She has, for instance, three very visible tattoos, which on closer inspection turn out to be of rather demure subjects: an Edward Gorey creature, the Lion from “The Chronicles of Narnia” and some large sweet peas across her back, whose significance Ricci professes, unconvincingly, not to know. She can sound babyish but speaks about Nabokov. One of her favourite films is The Umbrellas of Cherbourg, a brightly coloured French musical about absence, loss and the violence of war. She continually refers to the perception that she is ‘naive’ or ‘stunted’, yet everything she says is knowing, and the general feeling she exudes is one of being exceptionally grounded. She has an impeccably wry demeanour: from time to time one side of her mouth will edge upwards, and her voice will croak a little, as if there were a smile at the back of her throat. ‘The whole growing-up process seems to have eluded me,’ she drawls wearily, contradicting herself as she speaks.

Perhaps the growing up happened too early to be easily recognisable. Ricci learnt to read by the age of three, and since she was at school has written fiction in black-and-white Mead notebooks. When I ask her to elaborate on its subject matter, she sniffs: ‘I write what pleases me.’ She will allow, however, that ‘as you get older, it gets lamer’. She got into Columbia University some years ago and would have studied creative writing, but then decided she didn’t want to go to college, on the grounds that actors only did that because they didn’t want people to think they were stupid. She once wrote a screenplay called Asylum, about ‘a group of youths who feel dead because they’re unable to make the transition to adulthood’. And she recently wrote an adaptation of a book to which she didn’t have the rights, simply for the ‘sense of accomplishment’. When I ask her about her literary influences she says: ‘I know it sounds very high school-ish, but, um, Dostoevsky?’

Ricci is the youngest of four children. Her mother was once a model with the Ford agency and her father – who she says she looks more like – is a psychiatrist who treated his patients using primal scream therapy. ‘All I knew was that it was called primal scream therapy and that it happened in our basement,’ Ricci says. ‘We didn’t really even talk about it, till one day I was, like, “And Mom, what the hell was that?” And then me and my sister started imitating the screaming people, and we all died laughing. My mom thought that was hysterical, that we could remember it. She was, like, “I thought you guys were asleep.” With the screaming, in the basement? No.’

Ricci’s parents divorced when she was 12, by which time she had made five films and seen the break-up coming. She no longer speaks to her father, a subject about which she is naturally reticent – ‘It’s not something I think about really,’ she says. But even as a child she thought her mother was ‘the most fun person to be around on earth’.

‘Her whole thing was, you ate steak and you drank Scotch, and that’s how you stayed thin. Twiggy was the ultimate beauty, and there were certain things women never did. She’d do very silly things when we were little girls, like point to people’s noses and say, “You can thank your father and I that you don’t have that nose.” You know, she was very silly, very vain and thought she was this starving socialite, in a way.’

Ricci says she was proud that her mother was pretty and had been on the cover of Seventeen, but doesn’t feel that those looks put undue pressure on her. Her much-publicised eating disorder, she claims, came from watching TV. ‘At the time that I was starting to diet and stuff, I saw this TV movie, and I thought, “Ooh – anorexia. I could probably do that.” And so I attempted. And I succeeded!’

After years of therapy – ‘I’ve been to therapists my whole life’ – Ricci says she’s fine. ‘I find the less attention I pay to food, the healthier I am. Any obsession is dangerous. And a whole country that’s obsessed with one thing, unless it’s, like, jeans, it’s very dangerous. Everyone’s obsessed right now with carbohydrates in this country. It’s ridiculous.’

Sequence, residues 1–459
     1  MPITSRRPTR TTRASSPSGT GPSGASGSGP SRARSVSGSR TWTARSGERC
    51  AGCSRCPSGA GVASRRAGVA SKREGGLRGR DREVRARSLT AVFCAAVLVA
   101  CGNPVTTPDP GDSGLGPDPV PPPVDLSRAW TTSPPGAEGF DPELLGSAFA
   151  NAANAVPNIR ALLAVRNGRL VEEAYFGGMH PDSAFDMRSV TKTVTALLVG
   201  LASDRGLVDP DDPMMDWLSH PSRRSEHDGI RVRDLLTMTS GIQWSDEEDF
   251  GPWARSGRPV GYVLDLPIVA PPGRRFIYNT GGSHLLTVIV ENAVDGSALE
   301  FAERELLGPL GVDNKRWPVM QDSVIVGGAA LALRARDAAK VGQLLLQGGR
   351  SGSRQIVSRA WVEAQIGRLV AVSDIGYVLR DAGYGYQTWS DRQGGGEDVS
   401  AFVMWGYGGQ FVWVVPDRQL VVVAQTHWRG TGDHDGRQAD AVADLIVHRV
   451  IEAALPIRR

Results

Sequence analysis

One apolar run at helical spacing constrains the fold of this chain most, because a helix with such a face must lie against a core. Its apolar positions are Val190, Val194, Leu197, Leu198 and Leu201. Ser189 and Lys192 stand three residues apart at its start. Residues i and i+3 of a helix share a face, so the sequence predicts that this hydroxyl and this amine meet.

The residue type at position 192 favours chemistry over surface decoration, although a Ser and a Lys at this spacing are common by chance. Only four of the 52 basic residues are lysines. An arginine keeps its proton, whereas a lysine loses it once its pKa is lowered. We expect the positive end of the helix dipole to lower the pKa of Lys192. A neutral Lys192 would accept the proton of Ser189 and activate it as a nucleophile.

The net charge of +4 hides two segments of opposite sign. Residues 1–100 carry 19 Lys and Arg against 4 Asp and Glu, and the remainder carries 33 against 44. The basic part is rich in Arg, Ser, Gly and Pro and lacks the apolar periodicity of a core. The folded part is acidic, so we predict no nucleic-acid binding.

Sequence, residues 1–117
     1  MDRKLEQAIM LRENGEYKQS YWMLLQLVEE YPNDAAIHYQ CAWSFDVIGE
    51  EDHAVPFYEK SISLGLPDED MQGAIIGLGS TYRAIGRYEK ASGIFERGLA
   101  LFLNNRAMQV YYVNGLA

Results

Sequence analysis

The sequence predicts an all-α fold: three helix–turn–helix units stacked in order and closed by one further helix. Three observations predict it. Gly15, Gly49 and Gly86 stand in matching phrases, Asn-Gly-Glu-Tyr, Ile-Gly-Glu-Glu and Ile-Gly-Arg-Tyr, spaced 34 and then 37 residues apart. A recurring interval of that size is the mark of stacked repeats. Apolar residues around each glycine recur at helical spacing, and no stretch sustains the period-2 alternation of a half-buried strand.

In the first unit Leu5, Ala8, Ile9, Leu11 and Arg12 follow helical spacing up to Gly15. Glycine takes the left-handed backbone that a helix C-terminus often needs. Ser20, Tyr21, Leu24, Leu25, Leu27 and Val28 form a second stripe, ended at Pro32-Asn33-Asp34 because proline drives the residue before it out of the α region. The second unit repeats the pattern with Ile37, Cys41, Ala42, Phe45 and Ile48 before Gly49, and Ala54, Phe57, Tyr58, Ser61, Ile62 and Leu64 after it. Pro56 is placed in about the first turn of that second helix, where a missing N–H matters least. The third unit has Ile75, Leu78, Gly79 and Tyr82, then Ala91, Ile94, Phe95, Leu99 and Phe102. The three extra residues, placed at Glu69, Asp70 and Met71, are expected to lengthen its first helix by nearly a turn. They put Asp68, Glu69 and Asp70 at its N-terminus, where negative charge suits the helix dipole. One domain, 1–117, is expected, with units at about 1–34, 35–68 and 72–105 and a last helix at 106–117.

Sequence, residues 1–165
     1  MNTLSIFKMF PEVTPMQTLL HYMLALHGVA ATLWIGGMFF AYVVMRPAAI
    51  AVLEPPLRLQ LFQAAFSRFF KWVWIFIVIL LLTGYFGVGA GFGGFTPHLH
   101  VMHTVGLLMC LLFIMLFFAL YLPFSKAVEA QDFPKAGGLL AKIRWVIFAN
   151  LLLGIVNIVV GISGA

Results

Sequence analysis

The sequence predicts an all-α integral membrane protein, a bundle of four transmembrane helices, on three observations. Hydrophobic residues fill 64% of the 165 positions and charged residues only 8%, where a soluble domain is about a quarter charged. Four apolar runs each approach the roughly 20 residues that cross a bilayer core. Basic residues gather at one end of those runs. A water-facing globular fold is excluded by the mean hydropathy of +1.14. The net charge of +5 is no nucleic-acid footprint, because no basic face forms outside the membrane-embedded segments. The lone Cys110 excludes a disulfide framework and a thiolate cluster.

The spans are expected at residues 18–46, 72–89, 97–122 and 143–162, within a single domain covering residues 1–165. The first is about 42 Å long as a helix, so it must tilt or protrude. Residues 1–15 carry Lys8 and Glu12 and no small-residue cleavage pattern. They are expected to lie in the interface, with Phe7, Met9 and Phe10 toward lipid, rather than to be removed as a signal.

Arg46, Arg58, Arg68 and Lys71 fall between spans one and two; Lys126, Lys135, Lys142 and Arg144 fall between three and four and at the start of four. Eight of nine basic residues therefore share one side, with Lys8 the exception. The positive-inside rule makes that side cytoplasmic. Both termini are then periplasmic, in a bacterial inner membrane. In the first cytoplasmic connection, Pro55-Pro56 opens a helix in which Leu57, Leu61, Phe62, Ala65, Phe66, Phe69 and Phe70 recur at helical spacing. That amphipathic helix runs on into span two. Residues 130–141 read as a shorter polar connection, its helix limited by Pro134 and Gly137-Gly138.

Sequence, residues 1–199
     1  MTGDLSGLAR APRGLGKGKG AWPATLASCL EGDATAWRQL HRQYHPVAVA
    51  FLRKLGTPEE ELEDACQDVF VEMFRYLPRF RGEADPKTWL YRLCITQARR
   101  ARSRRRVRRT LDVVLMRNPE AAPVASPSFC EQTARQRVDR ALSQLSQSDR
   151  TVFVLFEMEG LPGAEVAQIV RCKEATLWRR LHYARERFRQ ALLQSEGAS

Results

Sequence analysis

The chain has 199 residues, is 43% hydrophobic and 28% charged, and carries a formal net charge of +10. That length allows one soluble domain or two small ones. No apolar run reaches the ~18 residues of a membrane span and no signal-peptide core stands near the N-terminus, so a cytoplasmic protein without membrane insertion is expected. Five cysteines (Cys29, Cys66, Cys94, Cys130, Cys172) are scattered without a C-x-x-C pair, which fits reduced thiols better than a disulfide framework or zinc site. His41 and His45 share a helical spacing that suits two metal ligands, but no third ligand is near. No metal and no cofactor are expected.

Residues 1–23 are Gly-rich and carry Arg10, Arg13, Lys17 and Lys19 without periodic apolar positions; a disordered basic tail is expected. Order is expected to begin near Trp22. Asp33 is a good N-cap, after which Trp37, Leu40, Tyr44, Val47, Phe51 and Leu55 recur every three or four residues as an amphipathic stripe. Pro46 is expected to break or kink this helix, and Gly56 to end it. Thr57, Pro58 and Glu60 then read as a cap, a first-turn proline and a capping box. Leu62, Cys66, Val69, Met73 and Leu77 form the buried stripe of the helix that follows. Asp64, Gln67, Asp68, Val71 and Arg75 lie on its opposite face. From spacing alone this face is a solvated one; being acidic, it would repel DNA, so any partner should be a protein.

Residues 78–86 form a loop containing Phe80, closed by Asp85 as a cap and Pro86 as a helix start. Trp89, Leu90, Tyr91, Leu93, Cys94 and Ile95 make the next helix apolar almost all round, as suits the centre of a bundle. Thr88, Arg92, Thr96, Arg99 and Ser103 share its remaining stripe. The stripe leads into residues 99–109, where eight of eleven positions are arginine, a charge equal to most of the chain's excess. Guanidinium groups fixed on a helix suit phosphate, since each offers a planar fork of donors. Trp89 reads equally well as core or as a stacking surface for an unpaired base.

What was it like hitting puberty in public? ‘I think I would have hated myself just as much had I not been in the public eye,’ Ricci says. ‘But I think I chose to rebel very strongly against the fact that people were going to take note of my behaviour. I think I probably said and did things with a lot more fervour than I would have.’ She says she can’t think of any particular examples, but it would seem that with a Sixties mother and an alternative-therapist father, Ricci rebelled against the only norm available: the regularity of a Hollywood career. You might say that the public was her parent-figure, and now she’s made her peace.

Ricci says she loves to work, but life creeps into the lulls in between projects, and she finds life ‘very stressful’: ‘The day-to-day aspects of life. Just simple things, you know – getting to appointments, driving, traffic, getting out of parking lots. That stuff is stressful to me.’ When she goes abroad, she takes her own duvet and bedding, and her favourite kind of candles. As soon as she arrives in a hotel, she rearranges the furniture and goes out and buys a particular sort of bath mat and towels. ‘I like to set things up my own way,’ she says.

In which case, life is currently dealing her a stress marathon, in the form of a transcontinental shift. She is leaving Los Angeles for good, and moving into a place she has bought with her boyfriend in New York. (Adam Goldberg has directed two films, but is better known as an actor – he was the Jewish soldier in Saving Private Ryan, and Matthew McConaughey’s best friend in How to Lose a Guy in 10 Days. He and Ricci have been together for more than a year.)

When I ask her how her life has matched up to the fantasies she had as a kid, she says it’s ‘slowly turning out. I guess I couldn’t really imagine the middle part. But now, it looks like it’s turning out to be the end part. If that makes any sense.’ She refuses to tell me what the ‘end part’ consists of, but a guess wouldn’t be all that hard to hazard: she has said in the past that she hoped to be married at 20 and have children at 23; Ricci turned 24 last month. ‘I’m really looking forward to it,’ she says, of the move back to the place where she grew up. ‘It’ll be really nice to sort of, put down roots.’

I ask her what her self-image is like now. ‘I think it’s good,’ she says, then she catches herself sounding unswervingly optimistic. ‘I mean, I don’t like anyone who likes themselves too much. All these people with great self-esteem, they can go straight to hell as far as I’m concerned.’

· Monster is released on 2 April and Anything Else on 23 July.